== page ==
Robert is still trying to be a little conciliatory to his friend. Cersei presents Joffrey’s version of what happened: here, Arya and the butcher’s boy “beat him with clubs” and then Arya set her wolf on him. Arya screams that Joffrey’s a liar.
Robert says he doesn’t know who to believe (uh, obviously not your lying wife and son!) and asks where Ned’s other daughter is. Cersei calls Sansa “Darling!” and summons her to speak, while Robert tells her that it’s a crime to lie to the King. (Again, I repeat, look to your own, Robert!)
Poor Sansa is caught between a rock and a Cersei and she chooses the wisest course, which is to say she knows nothing. (I know a lot of people really hate Sansa for not backing Arya here, but I highly doubt that anything would have changed. Cersei wants the Starks punished and even if Sansa had recounted the truth exactly as it happened, Arya hit the crown prince and held a sword to his chest. I doubt that Cersei would have forgiven that, or let Robert forget it. As for Mycah, I think his fate was long since sealed.)
Arya is furious and starts hitting her sister; Cersei smiles at this, and says that Arya is as wild as her direwolf.
Robert asks what Cersei wants him to do. He says that children fight, and it’s over. Cersei keeps pushing, saying that Joffrey will bear the scars for the rest of his life, and Robert characteristically focuses on a less important point, essentially laughing at Joffrey because he let a “little girl” disarm him. (OK, I know Joffrey is a horrible human being, but he is a kid, and moreover, he’s Robert’s kid, so Robert is at least a little bit responsible for how his son turns out.)
Robert tells Ned to see to it that his daughter’s disciplined and promises that he’ll see to the same for his son. Phew, everything’s going to be OK, right?
NOT SO FAST!!! Cersei asks quietly “what of the direwolf?” Robert has forgotten the direwolf, and one of the Lannister guardsmen says that they found no trace of it.
“So be it,” Robert says, ready to put this behind him, until Cersei points out “we have another wolf.”
Here’s Robert’s chance to repay Ned for the sacrifice that he asked Ned to make. He’ll tell Cersei that Sansa and her direwolf are innocent, right? NOT SO FAST!!! Robert says “as you will” and walks away from the whole distressing situation, ignoring Ned’s plea on his daughter’s behalf. “A direwolf’s no pet,” Robert says to Ned, “get her a dog, she’ll be happier for it.”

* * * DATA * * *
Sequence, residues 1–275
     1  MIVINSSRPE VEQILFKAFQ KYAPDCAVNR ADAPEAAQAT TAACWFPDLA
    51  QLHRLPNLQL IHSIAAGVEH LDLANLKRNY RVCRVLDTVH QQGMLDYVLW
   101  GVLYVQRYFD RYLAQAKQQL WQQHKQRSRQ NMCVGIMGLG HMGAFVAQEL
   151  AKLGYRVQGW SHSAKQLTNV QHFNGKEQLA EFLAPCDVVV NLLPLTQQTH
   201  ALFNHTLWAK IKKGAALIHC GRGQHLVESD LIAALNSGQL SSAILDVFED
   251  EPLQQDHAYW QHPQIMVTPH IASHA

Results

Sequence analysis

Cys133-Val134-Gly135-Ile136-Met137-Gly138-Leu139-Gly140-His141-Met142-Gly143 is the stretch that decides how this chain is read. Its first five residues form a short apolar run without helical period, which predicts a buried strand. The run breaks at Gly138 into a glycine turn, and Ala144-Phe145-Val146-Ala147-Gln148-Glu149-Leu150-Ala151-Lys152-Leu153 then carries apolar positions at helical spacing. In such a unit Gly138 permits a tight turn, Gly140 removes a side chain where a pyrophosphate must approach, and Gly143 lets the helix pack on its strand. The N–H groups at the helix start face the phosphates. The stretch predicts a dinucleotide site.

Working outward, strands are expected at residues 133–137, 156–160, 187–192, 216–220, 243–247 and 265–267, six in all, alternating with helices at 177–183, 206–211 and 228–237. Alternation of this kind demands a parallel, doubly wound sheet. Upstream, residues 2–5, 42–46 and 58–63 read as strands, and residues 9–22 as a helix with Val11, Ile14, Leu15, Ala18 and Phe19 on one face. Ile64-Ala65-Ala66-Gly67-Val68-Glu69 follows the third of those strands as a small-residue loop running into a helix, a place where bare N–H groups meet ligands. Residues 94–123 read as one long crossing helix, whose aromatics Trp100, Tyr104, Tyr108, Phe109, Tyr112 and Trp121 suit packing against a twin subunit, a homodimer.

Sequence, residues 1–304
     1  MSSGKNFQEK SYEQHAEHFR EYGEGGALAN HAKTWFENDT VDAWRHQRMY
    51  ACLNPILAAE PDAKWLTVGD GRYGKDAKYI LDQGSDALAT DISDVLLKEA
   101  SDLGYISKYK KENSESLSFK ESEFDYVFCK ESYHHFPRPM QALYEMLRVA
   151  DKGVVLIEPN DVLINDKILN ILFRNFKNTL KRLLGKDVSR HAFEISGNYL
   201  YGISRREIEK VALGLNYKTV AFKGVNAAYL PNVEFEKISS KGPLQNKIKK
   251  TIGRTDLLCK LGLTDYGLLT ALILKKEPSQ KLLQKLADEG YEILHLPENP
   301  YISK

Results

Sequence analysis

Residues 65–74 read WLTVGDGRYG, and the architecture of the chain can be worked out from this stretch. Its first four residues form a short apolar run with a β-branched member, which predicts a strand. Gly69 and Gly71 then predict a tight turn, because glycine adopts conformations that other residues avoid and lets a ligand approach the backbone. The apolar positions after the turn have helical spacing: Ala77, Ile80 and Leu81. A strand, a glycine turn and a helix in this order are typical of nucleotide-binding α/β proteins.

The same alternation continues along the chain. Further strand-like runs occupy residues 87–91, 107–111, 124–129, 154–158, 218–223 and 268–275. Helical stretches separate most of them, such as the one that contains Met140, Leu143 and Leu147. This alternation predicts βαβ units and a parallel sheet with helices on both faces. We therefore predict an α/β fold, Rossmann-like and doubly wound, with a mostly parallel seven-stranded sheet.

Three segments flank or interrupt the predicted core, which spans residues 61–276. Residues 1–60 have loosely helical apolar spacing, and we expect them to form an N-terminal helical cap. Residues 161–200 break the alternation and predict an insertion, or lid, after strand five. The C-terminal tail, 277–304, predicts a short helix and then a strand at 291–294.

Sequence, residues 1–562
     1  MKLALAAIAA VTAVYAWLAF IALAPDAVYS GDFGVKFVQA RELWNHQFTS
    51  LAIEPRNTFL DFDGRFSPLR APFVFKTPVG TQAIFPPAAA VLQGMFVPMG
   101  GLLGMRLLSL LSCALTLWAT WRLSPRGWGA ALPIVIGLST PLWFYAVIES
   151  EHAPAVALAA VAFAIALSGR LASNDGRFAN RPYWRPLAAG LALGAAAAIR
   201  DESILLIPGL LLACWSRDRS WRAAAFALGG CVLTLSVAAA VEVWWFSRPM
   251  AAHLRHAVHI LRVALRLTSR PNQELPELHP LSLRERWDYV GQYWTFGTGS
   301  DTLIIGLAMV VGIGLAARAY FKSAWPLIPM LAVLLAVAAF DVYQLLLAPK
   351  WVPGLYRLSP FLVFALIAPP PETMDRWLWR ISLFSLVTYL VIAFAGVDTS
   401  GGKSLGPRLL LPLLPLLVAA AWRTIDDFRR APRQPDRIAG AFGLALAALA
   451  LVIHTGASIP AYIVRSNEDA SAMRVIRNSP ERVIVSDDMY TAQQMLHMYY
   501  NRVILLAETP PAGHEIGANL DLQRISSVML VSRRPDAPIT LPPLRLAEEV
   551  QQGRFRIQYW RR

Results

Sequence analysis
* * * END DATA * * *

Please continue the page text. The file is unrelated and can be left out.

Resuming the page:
Sansa realizes that they’re talking about Lady and she shouts “No, no, Lady didn’t bite anyone!” while Arya adds her own voice to Sansa’s outraged cries. Poor Sansa’s crying while Arya glares at Joffrey, perhaps wishing that she had stuck him with the pointy end after all. “Stop them!” Sansa begs Ned, and Ned asks his friend Robert in anguished tones, “Is this your command, Your Grace?” Robert says nothing and somehow manages to walk away, even though his backbone has been lost without a trace.
Cersei asks where “the beast” is and tells Ser Ilyn Payne to take care of business. Ned says that he’ll do it himself after Jory takes the girls to their rooms. Cersei asks him if this is a trick (perhaps not realizing that Ned has no tricksy bones in his body!) and Ned responds that “the wolf is of the north and deserves better than a butcher.” Hey, a little respect for butchers, Ned!
Poor Sansa and poor Arya AND poor Ned in this scene! Ned and Sansa are both terribly disillusioned by royal personages to whom they have given their trust: Sansa now knows her fairy-tale prince is a coward and a liar and that his mother, who talks so sweetly, is not nearly as kind as she seemed. Ned has put aside his life in the North and gone against his wife’s express wishes mostly because he believed in his friendship for Robert and in Robert’s friendship for and loyalty toward him, and now he’s seeing so clearly that Robert isn’t the man he once was. Robert might have been a great warrior in his youth, but he hasn’t an ounce of moral courage left in him. In the immortal words of GOB Bluth, Ned realizes that he’s made a terrible mistake.
As Ned goes to find Lady, he encounters Sandor Clegane, who has a blood-stained body slumped across his saddle.
“The butcher’s boy?” Ned asks. “You rode him down?”
“He ran,” the Hound replies matter-of-factly. “But not very fast.”
Poor Mycah! Like Lady, he’s the innocent in all of this.
We cut back to Winterfell where Bran’s wolf whimpers and then back to the Inn, where Lady whimpers as Ned approaches her. She’s so cute, awwww! Ned strokes her and fondles her ears before drawing his dagger. SOB!!
At Winterfell, Bran’s wolf whimpers some more. As Ned slips the dagger into Lady, and she gives one last choked-off wolfie cry of distress, Bran opens his eyes.
Regina Thorne is an avid reader of just about everything, an aspiring writer, a lover of old movies and current tv shows, and a hopeless romantic.